until the blood grove sunk deep
and Hasan whispered to him,
Shaukran, sadig, shukran;
Thank you, friend, thank you.


The ghosts of American soldiers
wander the streets of Balad by night,

unsure of their way home, exhausted,
the desert wind blowing trash
down the narrow alleys as a voice

sounds from the minaret, a soulful call
reminding them how alone they are,

how lost. and the Iraqi dead,
they watch in silence from rooftops
as date palms line the shore in silhouette,

leaning toward Mecca where dawn wind blows.


It happens on a Monday, at 11:20 A.M.,
as tower guards eat sandwiches
and seagulls drift by on the Tigris River.
Prisoners tilt their heads to the west
though burlap sacks and duct tape  blind them.
The sound reverberates down concertina coils
the way piano wire thrums when given slack.
And it happens like those, on a blue day of sun,
when Private Miller pulls the trigger
to take brass and fire into his mouth:
the sound lifts the birds up  off the water,
a mongoose pauses under the orange trees,
and nothing can stop  it  now, no matter what
blur of motion surrounds him,  no matter what voices
crackle over the radio in static confusion,
because if only for this moment the earth is stilled,
and Private Miller has  found what low hush there is
down in the eucalyptus shade, there by the river.

                                                          PFC B. Miller
                                           (1980 - March 22, 2004)      

Katherine, Jenny, Jackie, Lisa & Tony
Vincent Martinez w/ Mark Taylor & Dennis Hodges

This one  from a week  or so  ago.

there was a boy who knew secrets

a box of old photos
taken from a mother's closet
when she died...

ages ago
it seems, artifacts
from a time long past,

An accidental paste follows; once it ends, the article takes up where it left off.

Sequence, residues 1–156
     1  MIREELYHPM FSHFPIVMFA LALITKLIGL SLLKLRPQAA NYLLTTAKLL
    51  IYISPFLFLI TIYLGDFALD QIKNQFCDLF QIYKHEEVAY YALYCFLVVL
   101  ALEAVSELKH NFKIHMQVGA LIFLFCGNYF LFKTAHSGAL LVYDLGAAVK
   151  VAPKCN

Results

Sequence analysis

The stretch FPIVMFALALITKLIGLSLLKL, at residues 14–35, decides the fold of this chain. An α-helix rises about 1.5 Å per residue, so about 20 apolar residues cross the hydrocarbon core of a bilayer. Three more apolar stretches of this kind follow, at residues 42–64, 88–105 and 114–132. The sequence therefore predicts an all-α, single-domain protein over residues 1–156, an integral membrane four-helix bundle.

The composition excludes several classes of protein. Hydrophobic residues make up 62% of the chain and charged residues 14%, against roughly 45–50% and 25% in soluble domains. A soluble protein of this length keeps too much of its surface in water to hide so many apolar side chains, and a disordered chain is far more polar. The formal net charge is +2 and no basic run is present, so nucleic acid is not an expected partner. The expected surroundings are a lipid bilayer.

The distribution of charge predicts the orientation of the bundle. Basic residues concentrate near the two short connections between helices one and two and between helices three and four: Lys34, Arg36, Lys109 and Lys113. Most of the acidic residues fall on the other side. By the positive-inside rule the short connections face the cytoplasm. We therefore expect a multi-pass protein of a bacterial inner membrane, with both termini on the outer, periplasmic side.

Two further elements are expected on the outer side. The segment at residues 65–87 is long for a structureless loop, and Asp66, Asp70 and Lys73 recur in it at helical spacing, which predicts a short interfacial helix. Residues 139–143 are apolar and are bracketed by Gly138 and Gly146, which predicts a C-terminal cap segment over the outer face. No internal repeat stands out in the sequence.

a past imaginable only to people
who remember
so different from today, relics
of some other time,
some other

the photos,
shades of gray,
like clouds from a dim
and overcast
a few hand-tinted,
in their colors, like the work
of an apprentice

the people, young people,
mother, father, aunts and uncles
in uniforms of the last
world war, vibrant, in the midst of the best days
of their lives, long dead now,
everyone, mouldering in the graves
they, in their vitals, never imagined
would be dug for them...

and the boy,
sitting in a cooking pot
on a sandy

the boy,
school picture, in the Roy Rodgers
shirt, a hand-me-down from
a slightly older cousin...

the boy,
sanding on a porch
with his mother and father
and older brother,
just back from his war...

the boy,
same porch,
with his younger brother...

the boy,
such a quite looking boy,
solemn, like he knows secrets
no one else can see...

the boy who never smiles...

he don't much remember
this boy,
but he knows the boy's secrets,
now his secrets
and yet, unlike the boy,
he can smile

he has practiced
he got it almost right


Vincent Martinez

Next, here are two poems by Elizabeth Seydel Morgan. The poems are from her book, Without a Philosophy, published in 2007 by Louisiana State University Press.

A native of Atlanta, Morgan was The Louis D.Rubin Writer-in Residence at Hollins University at the time of publication. This was her third collection of poetry.

Singapore Art  Museum in the Rain

More than a century of sticky boys
and Christian Brothers sweating in long robes
raised their faces to the open arches
when a hot wind blew down the Straits
rattling he palm fronds that clicked
like marbles in a bag,  or bamboo sticks  played
down louvered shutters by students out
to make a clatter.

Now the boys and the brothers gone,
the old  verandas have been  glazed
with ultraviolet-blocking windows
that in this gallery protect the replica
of Leonardo's flying man.

A guard barks twice, a black-eyed child
from Thailand withdraws his starfish hand
from an invention of the man of Vinci
who couldn't keep his hands off anything.

Suddenly outside the graygreen glass
the famous rain of Singapore
spills down the afternoon,
pours through listening frets of palm leaves,
glazes the black taxis on Bras Basah Road.
And where the gutters meet the corners,
water arcs like fountains.

Inside,  the priceless Leonardo  painting
flown  over the Red and Arabian Seas,
the tip  of India,the Bay of Bengal:
John the Baptist as  a Youth,
a curly haired Italian with a secret smile,
the boy who could  be gazing out the window
contemplating water.

Watching the Weather Channel

Is it raining on you, Linda,
down in San Antonio -
raining too much?
Here in Virginia
the grass breaks
under out feet; the creek's
left stones for cows to lick.
The TV screen shows us cracks
in the earth where there used to be hay,
simulated systems massing
and fading over the globe.
We say we pray for rain
but what do we know